(Brussels) – Governments from the Americas and Europe should prioritize the human rights situation in Nicaragua during the upcoming European Union – Community of Latin American and Caribbean States (EU-CELAC) summit, 160 Nicaraguan victims said today in a letter co-signed with 29 national, regional, and international human rights organizations. Governments should establish a Group of Friends of the Nicaraguan People to ensure cross-regional, high-level efforts to restore democracy in the country.
Signatories to the letter include Nicaraguans in exile and former political detainees from diverse sectors, as well as 20 Nicaraguan human rights organizations and 9 international and regional rights groups. Among them are prestigious writers, such as Sergio Ramirez and Gioconda Belli; renowned journalists, including Carlos Fernando Chamorro; former political prisoners, such as Felix Maradiaga, Medardo Mairena, Dora Maria Tellez, and Juan Sebastian Chamorro; and human rights defenders, like Bianca Jagger and Tamara Davila.
“The escalating human rights crisis in Nicaragua requires a strong and meaningful response from democratic governments in Latin America and Europe,” said Juanita Goebertus, Americas director at Human Rights Watch. “Leaders from the Americas, together with the EU and its member states, should establish a Group of Friends of the Nicaraguan People that effectively coordinates the international response toward Nicaragua and pushes for a democratic transition in the country.”
Since a brutal crackdown on protesters in April 2018, President Daniel Ortega has targeted anyone perceived as a government critic. Signatories include dozens of Nicaraguans who have suffered for years from government abuses. Many have been arbitrarily detained, prosecuted, expelled, and deprived of their nationality and assets.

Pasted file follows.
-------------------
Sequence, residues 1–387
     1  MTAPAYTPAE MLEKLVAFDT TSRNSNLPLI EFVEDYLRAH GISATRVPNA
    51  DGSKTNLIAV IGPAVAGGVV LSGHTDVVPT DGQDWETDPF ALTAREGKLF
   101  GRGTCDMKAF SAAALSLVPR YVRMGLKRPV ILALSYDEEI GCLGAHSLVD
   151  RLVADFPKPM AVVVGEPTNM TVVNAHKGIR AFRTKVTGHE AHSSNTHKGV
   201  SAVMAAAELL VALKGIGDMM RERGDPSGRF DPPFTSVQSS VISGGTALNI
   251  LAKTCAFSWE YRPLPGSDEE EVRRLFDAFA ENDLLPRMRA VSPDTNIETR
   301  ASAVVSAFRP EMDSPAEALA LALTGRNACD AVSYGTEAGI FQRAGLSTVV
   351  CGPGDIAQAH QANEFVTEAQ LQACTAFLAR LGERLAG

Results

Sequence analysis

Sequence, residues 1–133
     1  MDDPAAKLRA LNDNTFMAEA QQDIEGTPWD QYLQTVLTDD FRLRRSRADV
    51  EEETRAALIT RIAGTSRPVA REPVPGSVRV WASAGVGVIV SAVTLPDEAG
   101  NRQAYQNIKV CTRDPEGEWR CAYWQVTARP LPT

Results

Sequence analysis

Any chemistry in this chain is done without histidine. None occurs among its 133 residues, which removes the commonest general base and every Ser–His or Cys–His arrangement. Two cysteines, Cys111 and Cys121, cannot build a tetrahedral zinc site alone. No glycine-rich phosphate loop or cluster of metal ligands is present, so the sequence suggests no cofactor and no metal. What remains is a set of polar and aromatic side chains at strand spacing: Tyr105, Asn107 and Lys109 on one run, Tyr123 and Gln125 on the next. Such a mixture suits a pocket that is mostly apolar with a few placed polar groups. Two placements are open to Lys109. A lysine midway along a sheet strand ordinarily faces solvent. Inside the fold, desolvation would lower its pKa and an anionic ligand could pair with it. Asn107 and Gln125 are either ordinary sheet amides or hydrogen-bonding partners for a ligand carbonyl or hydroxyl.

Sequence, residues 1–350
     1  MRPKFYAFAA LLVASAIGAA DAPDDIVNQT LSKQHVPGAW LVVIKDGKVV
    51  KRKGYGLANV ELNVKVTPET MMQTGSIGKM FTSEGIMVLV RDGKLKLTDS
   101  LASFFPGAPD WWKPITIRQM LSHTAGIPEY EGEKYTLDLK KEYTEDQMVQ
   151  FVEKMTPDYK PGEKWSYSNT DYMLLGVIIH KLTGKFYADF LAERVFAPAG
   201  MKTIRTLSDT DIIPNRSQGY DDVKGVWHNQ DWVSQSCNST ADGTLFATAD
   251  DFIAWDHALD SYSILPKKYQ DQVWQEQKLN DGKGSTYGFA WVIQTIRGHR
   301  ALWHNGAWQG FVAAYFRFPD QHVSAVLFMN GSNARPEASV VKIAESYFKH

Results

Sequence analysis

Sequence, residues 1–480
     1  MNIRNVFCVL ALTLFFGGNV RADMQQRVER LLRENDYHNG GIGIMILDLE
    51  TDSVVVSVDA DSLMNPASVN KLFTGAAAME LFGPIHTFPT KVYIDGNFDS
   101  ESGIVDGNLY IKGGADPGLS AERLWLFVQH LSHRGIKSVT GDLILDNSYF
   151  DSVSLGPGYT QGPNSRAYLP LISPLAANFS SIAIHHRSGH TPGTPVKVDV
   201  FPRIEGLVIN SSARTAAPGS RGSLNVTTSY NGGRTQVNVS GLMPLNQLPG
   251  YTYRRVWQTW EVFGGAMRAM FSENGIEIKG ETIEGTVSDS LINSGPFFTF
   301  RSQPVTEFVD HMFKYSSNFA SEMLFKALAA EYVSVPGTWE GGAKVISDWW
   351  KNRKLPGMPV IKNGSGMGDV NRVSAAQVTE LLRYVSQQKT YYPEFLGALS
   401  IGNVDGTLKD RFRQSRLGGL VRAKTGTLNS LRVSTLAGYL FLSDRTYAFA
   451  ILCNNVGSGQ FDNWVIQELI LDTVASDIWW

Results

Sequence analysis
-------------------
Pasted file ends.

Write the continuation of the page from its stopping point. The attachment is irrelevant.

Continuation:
A report released in early March by the United Nations Group of Human Rights Experts on Nicaragua found reasonable grounds to conclude that the authorities have committed crimes against humanity, including murder, imprisonment, torture, sexual violence, forced deportation, and persecution on political grounds.
Sixty-four people remain arbitrarily detained, according to local rights groups, including Bishop Rolando Álvarez, an outspoken government critic. The government has also dramatically restricted civic space, including by applying repressive legislation to cancel the legal status of over 3,500 nongovernmental organizations. No international monitors have been allowed to enter the country since the government expelled the Inter-American Commission on Human Rights and the Office of the High Commissioner for Human Rights in late 2018.
Several governments in Latin America, as well as the European External Action Service (EEAS), have publicly condemned the Nicaraguan government abuses. However, the international response has so far lacked the necessary coordination and sustained effort to effectively push for the release of the remaining political prisoners, accountability, and steps toward recovering democracy, the groups and individuals said in the letter.
Latin America governments should lead efforts to create a Group of Friends for the Nicaraguan People that contributes to a transition toward democracy. The Group of Friends should conduct high-level meetings to design, in consultation with Nicaraguan civil society groups and other relevant stakeholders, a strategy to exert concerted pressure, privately and publicly, to curb abuses, provide pathways to accountability, and push for free and fair elections.
“Latin American and European governments need to come together to agree on a united approach on the crisis in Nicaragua,” said Goebertus. “The people of Nicaragua have no time to lose.”